That, to me, is the fatal flaw of a lot of philosophy. It’s all well and good, I think, to speculate about where values come from and wonder how to define exactly what a “good life” looks like, but if you’re going to dedicate your life to talking about values, you’d better also live them. If you’re going to write several books about the problem of evil and argue that the world is perfect the way it is, and God wanted people to suffer and for evil to exist, you’d better also do your damnedest to reduce that suffering and combat the evil that causes it. Otherwise, your arguments are worse than meaningless. 

Philosophy isn’t just about filling pages for the sake of cutting down more trees and selling more copies and getting recognition from whatever authority (in Leibniz’s case, the French monarchy) – you can’t measure the value of an argument by its word count. And that, I think, is the brilliance of this response. In a sentence, Voltaire evaporated Leibniz’s illusions about the importance of his own work. And that, my friends, is how to use your words like a loaded fucking pistol.

Here’s the plan.

While I’m unemployed (at least, after my stitches heal), I’m going to try to snap out of my depression by focusing exclusively on progressing my online content as much as I can. My ukulele is broken, so I won’t be able to do any music, but I’ve been working on a strategy that might, eventually, lead to a somewhat-workable schedule that I can adhere to. 

Okay so first of all, I do have a gaming channel and a second channel, but I’m gonna leave those alone for now, because the more complicated I make this for myself, the less likely I’ll be to actually do it. So. If you have not, for some reason, go subscribe and turn on notifications for… 

The Debaucherous Dweeb

FRIDAYS: new video, regardless of quality
SATURDAYS: new gaming video or livestream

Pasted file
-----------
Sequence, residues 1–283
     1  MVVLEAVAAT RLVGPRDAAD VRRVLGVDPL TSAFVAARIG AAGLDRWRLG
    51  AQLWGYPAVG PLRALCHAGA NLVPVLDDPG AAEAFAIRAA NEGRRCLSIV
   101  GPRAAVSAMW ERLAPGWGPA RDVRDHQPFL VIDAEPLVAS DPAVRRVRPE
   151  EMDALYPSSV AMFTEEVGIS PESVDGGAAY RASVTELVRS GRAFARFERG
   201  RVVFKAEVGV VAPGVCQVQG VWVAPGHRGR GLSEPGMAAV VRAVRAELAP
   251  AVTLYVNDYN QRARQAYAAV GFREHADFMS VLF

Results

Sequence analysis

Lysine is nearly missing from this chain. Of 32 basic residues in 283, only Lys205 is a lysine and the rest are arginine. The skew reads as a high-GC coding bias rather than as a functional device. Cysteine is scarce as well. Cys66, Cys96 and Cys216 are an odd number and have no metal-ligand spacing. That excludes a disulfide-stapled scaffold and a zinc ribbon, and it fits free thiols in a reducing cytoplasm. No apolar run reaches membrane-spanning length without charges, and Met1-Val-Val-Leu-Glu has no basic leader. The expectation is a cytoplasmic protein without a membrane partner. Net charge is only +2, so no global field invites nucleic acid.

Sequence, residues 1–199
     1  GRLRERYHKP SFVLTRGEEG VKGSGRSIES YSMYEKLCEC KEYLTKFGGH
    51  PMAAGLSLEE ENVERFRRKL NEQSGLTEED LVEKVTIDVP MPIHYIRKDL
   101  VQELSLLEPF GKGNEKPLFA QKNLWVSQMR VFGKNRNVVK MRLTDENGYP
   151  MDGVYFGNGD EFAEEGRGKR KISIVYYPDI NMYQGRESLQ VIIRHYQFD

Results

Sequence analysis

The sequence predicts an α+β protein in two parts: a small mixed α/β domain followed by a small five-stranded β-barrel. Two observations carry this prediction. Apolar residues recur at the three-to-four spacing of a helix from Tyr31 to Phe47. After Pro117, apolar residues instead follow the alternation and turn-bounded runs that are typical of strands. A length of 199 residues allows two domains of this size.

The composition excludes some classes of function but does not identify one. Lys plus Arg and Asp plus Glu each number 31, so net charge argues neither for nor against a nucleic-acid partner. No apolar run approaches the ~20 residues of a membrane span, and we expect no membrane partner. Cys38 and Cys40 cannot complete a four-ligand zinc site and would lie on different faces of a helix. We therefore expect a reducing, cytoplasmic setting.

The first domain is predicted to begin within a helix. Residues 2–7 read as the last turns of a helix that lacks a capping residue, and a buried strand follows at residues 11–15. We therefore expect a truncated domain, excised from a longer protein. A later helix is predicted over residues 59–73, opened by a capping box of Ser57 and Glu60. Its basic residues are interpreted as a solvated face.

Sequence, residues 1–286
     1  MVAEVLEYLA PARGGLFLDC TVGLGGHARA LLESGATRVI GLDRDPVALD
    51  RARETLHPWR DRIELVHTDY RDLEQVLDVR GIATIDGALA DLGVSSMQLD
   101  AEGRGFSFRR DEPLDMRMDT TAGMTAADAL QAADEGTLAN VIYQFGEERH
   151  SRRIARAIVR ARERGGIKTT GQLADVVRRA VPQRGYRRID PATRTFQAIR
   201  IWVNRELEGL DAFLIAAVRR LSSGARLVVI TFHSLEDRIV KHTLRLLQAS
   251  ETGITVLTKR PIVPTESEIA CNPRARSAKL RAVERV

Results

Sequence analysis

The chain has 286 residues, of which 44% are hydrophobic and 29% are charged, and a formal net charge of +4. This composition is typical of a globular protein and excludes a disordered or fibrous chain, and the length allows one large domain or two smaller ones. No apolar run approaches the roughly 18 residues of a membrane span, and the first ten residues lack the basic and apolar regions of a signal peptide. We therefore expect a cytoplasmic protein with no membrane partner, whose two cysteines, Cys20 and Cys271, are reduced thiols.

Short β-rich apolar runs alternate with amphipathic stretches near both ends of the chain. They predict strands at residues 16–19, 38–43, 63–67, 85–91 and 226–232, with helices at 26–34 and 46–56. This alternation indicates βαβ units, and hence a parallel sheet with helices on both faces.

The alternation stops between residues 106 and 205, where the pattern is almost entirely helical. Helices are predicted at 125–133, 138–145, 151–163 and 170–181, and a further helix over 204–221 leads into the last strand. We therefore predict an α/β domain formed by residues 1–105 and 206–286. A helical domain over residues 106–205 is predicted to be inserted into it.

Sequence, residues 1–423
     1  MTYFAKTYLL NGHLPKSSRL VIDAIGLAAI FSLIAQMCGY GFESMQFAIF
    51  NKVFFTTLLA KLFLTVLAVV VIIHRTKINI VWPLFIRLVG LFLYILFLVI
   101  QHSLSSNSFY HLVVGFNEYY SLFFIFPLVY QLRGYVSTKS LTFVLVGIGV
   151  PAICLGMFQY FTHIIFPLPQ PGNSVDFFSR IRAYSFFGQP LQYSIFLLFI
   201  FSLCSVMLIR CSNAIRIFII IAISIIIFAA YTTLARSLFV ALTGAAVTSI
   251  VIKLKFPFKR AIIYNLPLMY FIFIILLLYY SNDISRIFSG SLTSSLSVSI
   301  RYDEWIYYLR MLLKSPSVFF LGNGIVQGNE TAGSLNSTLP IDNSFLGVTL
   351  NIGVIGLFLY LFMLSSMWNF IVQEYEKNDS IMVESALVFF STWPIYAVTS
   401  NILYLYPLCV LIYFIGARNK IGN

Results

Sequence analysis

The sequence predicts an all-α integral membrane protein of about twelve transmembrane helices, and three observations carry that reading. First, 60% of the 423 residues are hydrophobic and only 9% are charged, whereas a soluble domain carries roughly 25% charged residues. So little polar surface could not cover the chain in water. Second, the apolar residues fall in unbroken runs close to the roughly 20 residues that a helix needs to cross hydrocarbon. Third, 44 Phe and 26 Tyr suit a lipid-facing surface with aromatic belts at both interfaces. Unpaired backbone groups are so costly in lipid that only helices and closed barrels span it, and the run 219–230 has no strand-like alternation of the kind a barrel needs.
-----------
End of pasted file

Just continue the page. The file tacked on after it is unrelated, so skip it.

Then I’ll try to post a few blogs during the week, and once I get my ukulele back/replaced, I’ll try to make Sunday the day for posting music. 

Also, if you enjoy my blog/philosophy content, don’t forget to check out the philosophy tab of this blog, as well as the philosophy index, resources, and branches, which I’m constantly updating as I chug along trying to prepare to make videos about all this stuff! 

Thanks for being here. Thanks for being awesome. Thanks for commenting and liking and encouraging me to keep going. I can use all the encouragement I can get! 

Eventually (like maybe when I feel I’ve earned it, more, I guess), I’ll start being more aggressive about linking to my Patreon and PayPal, like a big ol’ bag of typical, but for now, your kind words are payment enough! 🙂 

I’m great.

I’m cool. I’m great. I’m cool. I’m great. I’m cool. I’m great. I’m cool.

I’m smart and competent and happy and great. I’m a good person, I do my best, I’m a flawed but strong person who can be anything and believes in herself and is great.

Gotta start somewhere.

I’m okay.

I’m okay. I’m okay. I’m okay. I’m okay. I’m okay. I’m okay. I’m okay. I’m okay. I’m okay. I’m okay. I’m okay. I’m okay. I’m okay. I’m okay. I’m okay. I’m okay. I’m okay. I’m okay. I’m okay. I’m okay. I’m okay. I’m okay. I’m okay. I’m okay. I’m okay. I’m okay. I’m okay. I’m okay. I’m okay. I’m okay. I’m okay. I’m okay. I’m okay. I’m okay. I’m okay. I’m okay. I’m okay. I’m okay. I’m okay. I’m okay. I’m okay. I’m okay. I’m okay. I’m okay. I’m okay.

I’m okay.

I used to have to write that in my journals all the time, or just write it on a piece of paper and throw it away, or on a whiteboard, whatever. I don’t really remember how many times I did it. There were on and off periods, when I was in puberty, and after that it’s just resurfaced every once in a while.

I actually had/have a lot of affirmations that I probably don’t do enough.

You’re good enough. You’re good enough. You’re good enough. You’re good enough.

You’re safe. You’re safe. You’re safe.

You’re calm. You’re calm. You’re calm.

You’re loved. You’re loved. You’re loved.

You’re safe. You’re safe. You’re safe.

You’re perfect the way you are. You are the Kesha you want to see in the world. And also the Sia and Miss Eaves and Lizzo and Regina Spektor and Sarah Bareilles and Virginia Woolf and Simone de Beauvoir and whoever else, obviously it’s a long list…

And then when that doesn’t work, I just breathe. Sometimes all you can do is remember to breathe.

On “Debauchery…”

It just occurred to me that if you read this blog before watching my YouTube stuff, you could very well think I’m, like, devoutly religious. Maybe.

I guess I’ve clarified that organized religion isn’t always my favorite thing, but a lot of religious people also feel that way.

Anyway just for the folks who wind up here, first, and wonder why I’m so into Jesus… I’m not a sex negative Christian, or a “drugs are bad” Christian. I wouldn’t even identify as a “Christian” necessarily, but that’s not because I’m not a fan of the J-dog.

Continue reading “On “Debauchery…””